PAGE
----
Pantone's 'Orchid' Is A Purple Hue That Doesn't Seem The Same : The Two-Way Radiant Orchid is the new "in" color for 2014, according to the institute, which gave us Emerald this year.
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Pantone's 'Orchid' Is A Purple Hue That Doesn't Seem The Same

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Pantone's 'Orchid' Is A Purple Hue That Doesn't Seem The Same

Pantone's 'Orchid' Is A Purple Hue That Doesn't Seem The Same

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We are leaving 2013, the year of Emerald. Before that, we were saturated with tangerine tango and honeysuckle. We're talking about the color of the year as decreed by the color people at Pantone Ink. So what's the color for 2014?

LEATRICE EISEMAN: Drum roll, it is radiant orchid.

BLOCK: That's Leatrice Eiseman. She's executive director of the Pantone Color Institute. She oversees the annual color search and she's pretty excited about radiant orchid.

EISEMAN: It's a member of the purple family with a strong fuchsia pink undertone and it really is an absolutely - I call it a beguiling color because being a member of the purple family, it has a certain amount of charm.

BLOCK: And when you say it's beguiling, what do you think is so beguiling about it?

EISEMAN: It represents a coming together of blue and red, which a diametrically opposed as far as psychological basis is concerned. One's very exciting, the other is tranquilizing and yet, you bring them together and issue forth a new color. So you've got something that's got some complexity and a color that has for a long time been established as the color of originality and creativity.

And as a result, that's one of the big reason why we chose the color because we feel that we're living in that kind of an age, where creativity is and originality is being sought after.

BLOCK: Well, why don't you explain how that choosing process works? I mean, how is it that you come up with the color for the year to come?

EISEMAN: What I look for in particular are emerging colors when I go to Europe, I'm leaving for Asia tomorrow, as a matter of fact, I live on the West Coast, but I work with a company on the East Coast. We get lots of influences from all over the world and your color antenna, it's hard to explain, are always kind of quivering when you see a color that seems to be starting to ascend in a lot of different cultures.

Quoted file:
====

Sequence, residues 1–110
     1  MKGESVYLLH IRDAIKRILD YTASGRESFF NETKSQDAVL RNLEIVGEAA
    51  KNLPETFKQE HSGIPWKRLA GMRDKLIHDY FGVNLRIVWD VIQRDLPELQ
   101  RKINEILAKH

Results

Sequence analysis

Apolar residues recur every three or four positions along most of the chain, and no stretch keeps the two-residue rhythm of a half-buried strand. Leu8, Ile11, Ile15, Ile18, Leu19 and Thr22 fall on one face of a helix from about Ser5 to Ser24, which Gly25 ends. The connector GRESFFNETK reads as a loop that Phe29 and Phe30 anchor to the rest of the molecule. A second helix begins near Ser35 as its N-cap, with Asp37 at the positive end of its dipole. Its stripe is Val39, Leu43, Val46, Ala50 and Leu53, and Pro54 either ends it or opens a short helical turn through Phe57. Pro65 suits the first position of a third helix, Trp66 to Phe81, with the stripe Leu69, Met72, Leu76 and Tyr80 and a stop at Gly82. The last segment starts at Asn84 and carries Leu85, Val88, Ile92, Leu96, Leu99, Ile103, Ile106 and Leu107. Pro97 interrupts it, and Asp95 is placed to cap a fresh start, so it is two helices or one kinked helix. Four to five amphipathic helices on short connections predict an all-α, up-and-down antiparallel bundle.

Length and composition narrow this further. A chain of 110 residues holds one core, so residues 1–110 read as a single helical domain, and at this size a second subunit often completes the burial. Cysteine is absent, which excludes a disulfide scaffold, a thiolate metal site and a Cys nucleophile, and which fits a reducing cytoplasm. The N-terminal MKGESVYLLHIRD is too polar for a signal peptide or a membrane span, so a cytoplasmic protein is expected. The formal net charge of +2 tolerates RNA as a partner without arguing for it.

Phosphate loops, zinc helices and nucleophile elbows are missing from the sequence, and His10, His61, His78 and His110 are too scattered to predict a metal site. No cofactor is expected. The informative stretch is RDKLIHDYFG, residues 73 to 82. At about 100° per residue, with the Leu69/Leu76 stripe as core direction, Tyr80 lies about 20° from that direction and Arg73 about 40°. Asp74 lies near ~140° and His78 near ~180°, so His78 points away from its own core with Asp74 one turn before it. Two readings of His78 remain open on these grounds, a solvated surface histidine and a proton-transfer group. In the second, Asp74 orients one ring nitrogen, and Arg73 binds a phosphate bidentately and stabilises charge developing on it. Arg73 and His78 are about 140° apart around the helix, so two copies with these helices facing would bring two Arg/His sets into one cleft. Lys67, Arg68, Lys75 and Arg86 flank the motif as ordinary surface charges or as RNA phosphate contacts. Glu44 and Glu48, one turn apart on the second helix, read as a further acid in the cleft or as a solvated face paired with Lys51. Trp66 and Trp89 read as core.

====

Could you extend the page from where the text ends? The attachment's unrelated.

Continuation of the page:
So we do a lot of homework and we look at art collections and is this color playing into the world of art? What is happening as far as the big soccer matches in Brazil? Where is the home country? Is this color indigenous to that country? We look at the, of course, the fashion industry is always an important indicator and we're certainly seeing a lot of that for spring fashion and we're starting to see indications of the color in not only women's fashion, but in men's fashion as well.

So there are lots of indicators that lead us to the color of the year.

BLOCK: You know, Ms. Eiseman, I love purple so I'm pretty excited about this choice of radiant orchid, but I do wonder by the end of 2014 if I'm going to be really sick of this color.

EISEMAN: You know, we didn't see that happen with emerald and we certainly didn't see that happen with tangerine tango and orange is one of those colors that for many years, you know, historically, it was the color that people didn't necessarily gravitate to. But we are seeing orange lasting in the market place.

But, you know, in men's wear, we're seeing colors like radiant orchid being used in sneakers and unusual usages of it for men. I've even seen it in suede loafers. So this is what I mean by the bubbling up. Maybe somebody very adventurous in Europe would go out and buy the suede loafer. It'll take time to get over here and maybe it'll make it into, you know, a converse sneaker before it'll make it into a suede loafer.

Nevertheless, the suggestion is there. People will look at it and we hope it will encourage them to experiment more with color.

BLOCK: Well, Ms. Eiseman, thanks for talking to us about Pantone's color of the year for 2014, radiant orchid. Appreciate it.

EISEMAN: Thank you.

BLOCK: Leatrice Eiseman is executive director of the Pantone Color Institute.

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